My Adventures in Star Trek Comment Culture

Janeway Facepalm

A funny thing happened when I started writing about women in Star Trek.

Okay, maybe it wasn’t so funny. I had to laugh to keep from banging my head against the wall—a strategy I’ve adopted in Trump’s America to avoid going mad—but my amusement was weighed down by dismay: for a show that championed diversity and equality, Star Trek attracts a lot of fans who just don’t get it. It was my experience writing Trek-related lists for Screen Rant that revealed fandom’s nasty underbelly, as well as my own naiveté.

Screen Rant has an undeserved reputation for clickbait. Yes, their titles are often intentionally provocative, but trust me: all the writers there are huge fans of everything we cover. I was thrilled to get paid to write about the show and had a huge well of topics to tap into that came from my own head, not from some urge to write a snappy headline.

One of my first pieces was called “15 Really Terrible Moments for Women in Star Trek.” I wrote as someone who loves the franchise, has a special place in her heart for the original series, and sees the mishandling of female characters as simultaneously embarrassing and laughable, and frequently a reflection of its time. It was better on TNG, corrected on Deep Space Nine and Voyager, and then woefully resurrected on Enterprise, which feels strikingly like Voyager backlash when I watch it now. I threw some humor into my intro to set the tone, the article was published, I celebrated, and then made my mistake. I read the comments section.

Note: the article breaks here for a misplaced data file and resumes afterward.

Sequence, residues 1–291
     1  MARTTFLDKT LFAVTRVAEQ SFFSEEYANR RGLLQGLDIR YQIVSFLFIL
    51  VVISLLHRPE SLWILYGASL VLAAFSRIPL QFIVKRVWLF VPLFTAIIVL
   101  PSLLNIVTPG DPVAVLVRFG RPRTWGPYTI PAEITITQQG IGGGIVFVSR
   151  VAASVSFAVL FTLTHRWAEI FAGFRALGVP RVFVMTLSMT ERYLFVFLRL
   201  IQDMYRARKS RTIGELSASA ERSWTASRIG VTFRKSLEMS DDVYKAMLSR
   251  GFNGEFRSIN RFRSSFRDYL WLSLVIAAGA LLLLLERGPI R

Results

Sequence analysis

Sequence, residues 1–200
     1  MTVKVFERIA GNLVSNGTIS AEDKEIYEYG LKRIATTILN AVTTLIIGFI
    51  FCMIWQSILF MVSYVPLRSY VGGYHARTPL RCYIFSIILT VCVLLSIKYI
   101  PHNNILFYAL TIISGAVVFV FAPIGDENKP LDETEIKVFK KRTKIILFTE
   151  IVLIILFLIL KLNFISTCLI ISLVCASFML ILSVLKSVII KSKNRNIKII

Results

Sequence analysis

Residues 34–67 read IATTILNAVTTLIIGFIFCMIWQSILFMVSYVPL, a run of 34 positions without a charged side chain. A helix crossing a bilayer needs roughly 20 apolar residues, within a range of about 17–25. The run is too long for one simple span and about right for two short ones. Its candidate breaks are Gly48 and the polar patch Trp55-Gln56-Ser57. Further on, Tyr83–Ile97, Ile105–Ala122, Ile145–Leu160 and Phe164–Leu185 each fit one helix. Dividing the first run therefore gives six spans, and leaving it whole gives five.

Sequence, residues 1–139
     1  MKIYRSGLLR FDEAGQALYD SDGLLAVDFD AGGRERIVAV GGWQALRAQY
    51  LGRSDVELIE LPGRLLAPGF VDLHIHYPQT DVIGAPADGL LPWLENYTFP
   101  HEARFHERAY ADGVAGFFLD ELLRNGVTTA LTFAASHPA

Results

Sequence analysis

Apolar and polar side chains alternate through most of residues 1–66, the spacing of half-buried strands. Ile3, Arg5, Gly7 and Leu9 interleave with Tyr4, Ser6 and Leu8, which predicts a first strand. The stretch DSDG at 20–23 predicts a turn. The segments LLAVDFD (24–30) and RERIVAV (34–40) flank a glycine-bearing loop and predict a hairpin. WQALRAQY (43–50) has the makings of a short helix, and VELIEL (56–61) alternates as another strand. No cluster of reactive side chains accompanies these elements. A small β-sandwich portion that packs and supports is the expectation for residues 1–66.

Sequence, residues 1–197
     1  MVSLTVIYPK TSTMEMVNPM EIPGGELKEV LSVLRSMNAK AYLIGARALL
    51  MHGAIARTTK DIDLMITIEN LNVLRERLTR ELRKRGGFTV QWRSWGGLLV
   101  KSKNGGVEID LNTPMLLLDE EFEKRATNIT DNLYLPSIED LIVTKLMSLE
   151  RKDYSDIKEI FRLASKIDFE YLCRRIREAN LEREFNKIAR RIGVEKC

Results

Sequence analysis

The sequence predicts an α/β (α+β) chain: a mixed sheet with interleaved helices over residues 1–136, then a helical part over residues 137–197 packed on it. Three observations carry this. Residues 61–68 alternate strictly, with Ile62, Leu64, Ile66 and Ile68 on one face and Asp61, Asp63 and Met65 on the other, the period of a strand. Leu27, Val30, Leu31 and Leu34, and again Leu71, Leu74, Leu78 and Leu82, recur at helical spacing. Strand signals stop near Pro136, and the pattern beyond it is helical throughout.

“Kinda making mountain out of a molehill, aren’t we?” was the first one I saw. J’accuse! is what I heard. I had made no mountain, but it was hardly a molehill.

“I am embarrassed for Screen Rant, looking for things to devise a controversy from for the sake of causing comment arguments and feeding page hits.” Not only was this dismissive of a worthy topic, it was dismissive of me, who had pitched the story and written it from the heart.

This was my favorite, although it was eventually taken down:

“I really wish the Femi-Nazis would cut the crap already! You won OK! You now have more rights in society than men! You got the jobs you want! Men are now playing Mr. Mom thanks to the ongoing Recession (and YES, it’s still ongoing, regardless of what the Gov’t says).”

Wow, such good news: we won! Uncork the champagne!

The Facebook comments were much harsher. I got the message: fanboys don’t like when you point out sexism, so they call you names. Lesson one, learned.

Fired up after the Women’s March, I started a new article: “18 Awesome Women in Star Trek.” I had my favorites, but still went to my good friend Google to see who might pop up on a “toughest women of Star Trek” search. It doesn’t take a rocket scientist (or a Starfleet historian) to guess what I found: sexy women of Star Trek, hot women of Star Trek … list after list of “babes” and “hotties.”

Yeoman Leslie Thompson

Yeoman Leslie Thompson